In his The Law of Worldwide Value, Amin points out that the principal contradiction in today’s capitalism is “the one that counterposes the peoples of the periphery (the proletariat and the exploited peasantry) to imperialist capital.”(7) The way this contradiction operates is through the emergence of fascist movements that are assisted by U.S. imperialism in the developing world, particularly in Latin America. In recent months we have seen the election of Bolsonaro in Brazil, perhaps the most openly fascist politician to take power in contemporary times. In other parts of Latin America, such as Chile, Venezuela, and Argentina, there has been a rise of fascist movements and paramilitary organizations, which have received assistance from the United States. In these countries, a similar situation of apparent “class equilibrium” existed over an extended period of time, articulating similar class dynamics as those described by Sweezy. Here, I would like to use Brazil to briefly demonstrate how these dynamics structure political situations around the world.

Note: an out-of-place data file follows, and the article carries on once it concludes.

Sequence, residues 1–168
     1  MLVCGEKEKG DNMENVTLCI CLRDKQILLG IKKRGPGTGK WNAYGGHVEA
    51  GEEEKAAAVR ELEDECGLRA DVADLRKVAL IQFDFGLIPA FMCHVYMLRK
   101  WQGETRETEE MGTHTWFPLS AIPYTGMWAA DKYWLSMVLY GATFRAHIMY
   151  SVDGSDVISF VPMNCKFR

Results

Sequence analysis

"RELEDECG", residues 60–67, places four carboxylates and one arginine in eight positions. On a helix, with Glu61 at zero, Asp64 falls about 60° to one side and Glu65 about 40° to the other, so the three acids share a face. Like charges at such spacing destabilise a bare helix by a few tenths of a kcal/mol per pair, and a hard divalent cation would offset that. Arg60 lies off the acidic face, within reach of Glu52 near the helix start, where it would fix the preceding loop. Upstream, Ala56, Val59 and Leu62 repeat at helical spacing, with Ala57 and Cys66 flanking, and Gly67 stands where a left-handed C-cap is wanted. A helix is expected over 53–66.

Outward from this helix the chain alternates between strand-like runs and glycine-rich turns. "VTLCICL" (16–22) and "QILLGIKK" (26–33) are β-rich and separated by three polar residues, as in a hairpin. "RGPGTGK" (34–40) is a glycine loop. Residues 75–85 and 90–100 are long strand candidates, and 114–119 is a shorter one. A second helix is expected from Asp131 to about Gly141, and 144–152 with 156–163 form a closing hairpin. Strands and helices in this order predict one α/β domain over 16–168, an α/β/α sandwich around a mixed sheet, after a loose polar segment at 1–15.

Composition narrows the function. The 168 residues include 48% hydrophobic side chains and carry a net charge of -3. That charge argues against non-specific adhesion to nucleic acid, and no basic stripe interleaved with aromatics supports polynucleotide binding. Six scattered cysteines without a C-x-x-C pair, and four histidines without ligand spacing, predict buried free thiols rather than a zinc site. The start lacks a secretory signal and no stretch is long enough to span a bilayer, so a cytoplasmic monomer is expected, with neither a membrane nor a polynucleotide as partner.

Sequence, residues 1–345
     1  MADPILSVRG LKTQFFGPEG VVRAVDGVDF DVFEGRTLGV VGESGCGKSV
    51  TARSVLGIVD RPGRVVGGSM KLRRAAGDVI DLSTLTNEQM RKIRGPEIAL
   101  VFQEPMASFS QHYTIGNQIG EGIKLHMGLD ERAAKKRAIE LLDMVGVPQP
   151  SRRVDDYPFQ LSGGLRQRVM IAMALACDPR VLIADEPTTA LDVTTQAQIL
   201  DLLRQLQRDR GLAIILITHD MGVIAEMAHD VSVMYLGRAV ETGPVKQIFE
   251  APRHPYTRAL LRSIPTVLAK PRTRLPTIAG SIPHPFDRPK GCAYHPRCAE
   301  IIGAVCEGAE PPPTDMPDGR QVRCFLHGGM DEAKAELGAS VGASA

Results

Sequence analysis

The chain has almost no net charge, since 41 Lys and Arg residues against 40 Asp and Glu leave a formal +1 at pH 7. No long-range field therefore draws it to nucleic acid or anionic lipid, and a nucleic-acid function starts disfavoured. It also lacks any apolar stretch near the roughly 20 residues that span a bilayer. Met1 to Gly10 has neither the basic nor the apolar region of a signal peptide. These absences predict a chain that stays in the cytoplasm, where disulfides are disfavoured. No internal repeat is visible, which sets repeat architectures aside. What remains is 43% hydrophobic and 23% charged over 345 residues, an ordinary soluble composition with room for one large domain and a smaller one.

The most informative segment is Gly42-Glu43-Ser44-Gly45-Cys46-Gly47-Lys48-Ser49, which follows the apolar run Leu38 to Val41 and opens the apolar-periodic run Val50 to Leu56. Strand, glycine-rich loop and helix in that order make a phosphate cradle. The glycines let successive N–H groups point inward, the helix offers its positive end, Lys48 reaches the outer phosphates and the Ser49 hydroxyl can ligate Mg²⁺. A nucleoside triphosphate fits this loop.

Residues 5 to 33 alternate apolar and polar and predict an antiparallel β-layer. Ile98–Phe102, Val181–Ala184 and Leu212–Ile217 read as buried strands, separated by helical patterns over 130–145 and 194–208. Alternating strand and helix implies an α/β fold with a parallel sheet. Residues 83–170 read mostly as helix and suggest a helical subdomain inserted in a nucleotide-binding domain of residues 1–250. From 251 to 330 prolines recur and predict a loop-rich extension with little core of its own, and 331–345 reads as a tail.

In Brazil, the Workers’ Party (PT) held power for over thirteen years and made considerable improvements in the lives of working people. As Alfredo Saad-Filho shows in Brazil: Neoliberalism Versus Democracy, Luiz Inácio Lula da Silva’s (Lula) ascension to power was largely due to the economic devastation caused by twenty years of neoliberalism following the end of military rule.(8) While he was president, Lula created many new institutions in Brazilian society that reduced poverty, improved literacy, increased employment, and strengthened the position of the trade unions. Although not entirely anti-imperialist, Lula helped reduce imperialist domination of the Brazilian economy and helped build many BRICS institutions. Saad-Filho discusses the class dynamics operative in Brazil during PT rule, and they are very similar to those described by Sweezy. First, the Communist Party of Brazil (PCdoB) cogoverned Brazilian society and occupied many important functions in the state. The trade unions, which make up the bulk of PT support, exercised considerable power in Brazilian society. At the same time, some large Brazilian companies, such as Petrobras and Odebrecht, received support from the state, which created some self-sufficiency for the Brazilian domestic bourgeoisie. In order to retain its support from the Brazilian domestic bourgeoisie, neither Lula nor his successor Dilma Rousseff challenged the neoliberal institutions created by previous administrations. In this situation, the Brazilian middle class often was excluded from the state, government ministries, and did not always benefit from Lula’s policies.